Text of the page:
[alert type=”general”] This guest post by Adrian Reed is part of a series of contributions by business analysis professionals I respect, and whose work I follow. I’ve followed Adrian’s blog for a while. I especially enjoyed his article, “Stop the project plan crash. You are the expert.” Enjoy! – JB[/alert]

obviousnessdangerI was recently boarding a flight, and whilst I was waiting to climb the steps to the aircraft, I happened to look around the runway.  I saw, at the edge of the tarmac, what appeared (initially) to be a rather obvious sign.  The sign read “Caution Aircraft”.  I smiled – and I sensed others around me found the sign entertaining too.   In fact, I could hear a couple chuckling behind me – I mean, come on.  It’s a runway.  It’s obvious that there are going to be planes there.  Why on earth would we need a sign to remind us of that?

The couple behind me continued to chuckle about the “obviousness” of the sign as we boarded the plane.  As I climbed the stepsand boarded, curiosity got the better of me and I looked down from the steps.  From this new vantage point, I noticed that the tarmac was buzzing with activity.  Not only were there planes, but there were trucks carrying fuel, buggies carrying luggage, food delivery vans and more.   When planes landed, these support vehicles rushed over to get them ready for the next flight.  Many of these support vehicles seemed to come onto the tarmac around where the sign was located, so presumably the sign was a ‘reminder’ for vehicles that were entering an active part of the runway.

With this in mind, perhaps the sign was reminding them of something that might seem obvious from some vantage points – but something that is crucially important.  The sign only looked obvious from our perspective because we were looking from the tarmac outwards.  If you were driving onto the tarmac from a support road, it might not be clear where the road finishes and the airfield begins.   What’s blindingly obvious from one perspective might not be intuitive or “obvious” at all from other perspectives.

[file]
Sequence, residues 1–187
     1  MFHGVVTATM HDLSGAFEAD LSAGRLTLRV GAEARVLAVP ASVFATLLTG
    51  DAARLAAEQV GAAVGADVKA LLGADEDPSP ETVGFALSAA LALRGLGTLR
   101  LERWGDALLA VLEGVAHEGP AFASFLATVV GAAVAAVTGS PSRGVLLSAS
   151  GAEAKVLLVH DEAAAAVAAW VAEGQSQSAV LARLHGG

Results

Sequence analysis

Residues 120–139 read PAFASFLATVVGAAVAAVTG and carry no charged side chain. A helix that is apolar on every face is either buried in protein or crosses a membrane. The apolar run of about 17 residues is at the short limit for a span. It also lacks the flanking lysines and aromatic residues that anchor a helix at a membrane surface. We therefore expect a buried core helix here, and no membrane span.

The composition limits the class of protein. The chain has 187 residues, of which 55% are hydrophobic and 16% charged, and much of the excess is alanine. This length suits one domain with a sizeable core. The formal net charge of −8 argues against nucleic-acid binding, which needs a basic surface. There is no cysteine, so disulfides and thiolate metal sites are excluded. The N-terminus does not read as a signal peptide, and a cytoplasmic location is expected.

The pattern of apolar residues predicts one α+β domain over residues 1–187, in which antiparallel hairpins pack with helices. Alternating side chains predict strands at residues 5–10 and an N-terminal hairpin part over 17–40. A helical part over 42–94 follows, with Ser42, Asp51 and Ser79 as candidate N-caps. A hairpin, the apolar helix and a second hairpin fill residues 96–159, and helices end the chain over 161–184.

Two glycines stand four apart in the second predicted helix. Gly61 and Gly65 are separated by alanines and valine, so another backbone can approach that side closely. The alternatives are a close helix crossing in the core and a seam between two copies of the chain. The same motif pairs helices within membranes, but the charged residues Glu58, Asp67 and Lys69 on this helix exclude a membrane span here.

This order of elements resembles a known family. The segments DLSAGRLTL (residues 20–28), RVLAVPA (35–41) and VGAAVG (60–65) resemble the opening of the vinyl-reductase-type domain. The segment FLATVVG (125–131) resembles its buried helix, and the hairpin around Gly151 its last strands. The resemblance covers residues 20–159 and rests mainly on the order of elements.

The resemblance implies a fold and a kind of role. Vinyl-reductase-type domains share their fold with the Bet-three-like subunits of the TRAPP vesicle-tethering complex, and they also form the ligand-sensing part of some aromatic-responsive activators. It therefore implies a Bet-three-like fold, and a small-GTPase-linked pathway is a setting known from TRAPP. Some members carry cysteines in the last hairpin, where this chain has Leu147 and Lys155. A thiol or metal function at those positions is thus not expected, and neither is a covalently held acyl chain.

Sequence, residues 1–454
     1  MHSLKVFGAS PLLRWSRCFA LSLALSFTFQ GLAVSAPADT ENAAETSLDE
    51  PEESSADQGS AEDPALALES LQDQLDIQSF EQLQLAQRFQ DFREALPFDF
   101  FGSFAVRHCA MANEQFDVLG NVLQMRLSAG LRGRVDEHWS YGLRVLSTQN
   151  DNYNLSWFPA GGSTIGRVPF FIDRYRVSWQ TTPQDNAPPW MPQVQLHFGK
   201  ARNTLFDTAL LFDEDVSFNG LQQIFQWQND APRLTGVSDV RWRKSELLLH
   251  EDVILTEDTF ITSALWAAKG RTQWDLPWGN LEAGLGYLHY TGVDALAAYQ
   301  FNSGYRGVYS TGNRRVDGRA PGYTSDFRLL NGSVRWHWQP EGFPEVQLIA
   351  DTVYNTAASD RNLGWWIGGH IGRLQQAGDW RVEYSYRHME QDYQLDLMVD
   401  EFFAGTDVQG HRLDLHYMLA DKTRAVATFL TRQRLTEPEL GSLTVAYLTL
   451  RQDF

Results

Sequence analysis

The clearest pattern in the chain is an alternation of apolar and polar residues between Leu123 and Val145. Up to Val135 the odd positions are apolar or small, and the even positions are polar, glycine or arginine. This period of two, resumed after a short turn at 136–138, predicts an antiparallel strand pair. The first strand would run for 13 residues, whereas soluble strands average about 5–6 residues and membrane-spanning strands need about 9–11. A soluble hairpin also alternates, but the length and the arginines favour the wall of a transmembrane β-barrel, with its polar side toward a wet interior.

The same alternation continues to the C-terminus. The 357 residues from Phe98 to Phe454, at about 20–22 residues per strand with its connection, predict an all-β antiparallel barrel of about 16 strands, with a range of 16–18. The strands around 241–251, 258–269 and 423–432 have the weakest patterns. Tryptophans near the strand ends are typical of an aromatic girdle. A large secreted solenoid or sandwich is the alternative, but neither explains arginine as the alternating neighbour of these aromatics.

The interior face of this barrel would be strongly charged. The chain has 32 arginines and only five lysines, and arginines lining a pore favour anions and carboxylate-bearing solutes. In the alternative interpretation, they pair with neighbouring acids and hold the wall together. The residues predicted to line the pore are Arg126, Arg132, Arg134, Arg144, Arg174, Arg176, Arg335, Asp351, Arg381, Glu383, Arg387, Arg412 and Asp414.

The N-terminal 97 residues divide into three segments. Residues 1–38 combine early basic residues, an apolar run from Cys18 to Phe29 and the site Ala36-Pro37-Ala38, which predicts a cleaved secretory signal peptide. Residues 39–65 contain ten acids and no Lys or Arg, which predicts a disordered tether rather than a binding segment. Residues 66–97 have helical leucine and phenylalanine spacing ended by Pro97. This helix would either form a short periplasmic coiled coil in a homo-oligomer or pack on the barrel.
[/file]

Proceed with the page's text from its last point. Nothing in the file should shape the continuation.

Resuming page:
The danger of “obviousness” on projects.

This reminded me of a pattern that can occur when progressing change initiatives.   On occasion, we might meet with stakeholders who are pushed for time.   We might go in and ask them questions about their business, their processes or their systems.   We’ll be aiming to understand the business problem or opportunity that they need  to address,  and we’ll be wanting to help them define the value that they want to deliver.   If they are time-pushed, we might hit a nerve. They might deflect our questions by saying:

 “But that’s so obvious, we don’t need to discuss that at all”.

 Yet by playing the “that’s obvious card” they are making a number of tacit assumptions – they are assuming that:

  1. What is obvious for them is obvious for everyone
  2. That everyone involved or impacted by the issue/change/initiative has exactly the same understanding of the “obvious” (i.e. there is no disagreement over the content)
  3. That the scale and scope of what is “obvious” is consistently understood and there are no ambiguities (and that all interfaces with the “obvious” are clearly defined and agreed)
  4. That we are all looking at the “obvious” thing from the same vantage point (think of the aircraft example above)

Rarely will all of these statements hold true.   In most cases, the stakeholder will have tacit knowledge – that is, knowledge that is so ingrained that they don’t consciously think to mention it.  In other cases, we might find that what they tell us is “obvious” hasn’t actually been defined, evaluated or fully thought through.  In these cases, it is paramount to probe further!  If we don’t, then our change initiatives might flounder, fail, and our organisations may waste resources finding out that different stakeholder groups had a decidedly different view on what is required.  Something that is taken for granted might well be missed, and we might only find out when the project crashes and burns.

As business analysts, we create the permission to ask difficult questions—with rapport—which help us to break down the “obvious” barriers and get to the root of a problem.  Doing so helps us to ensure our stakeholders get the business outcomes that they need and want.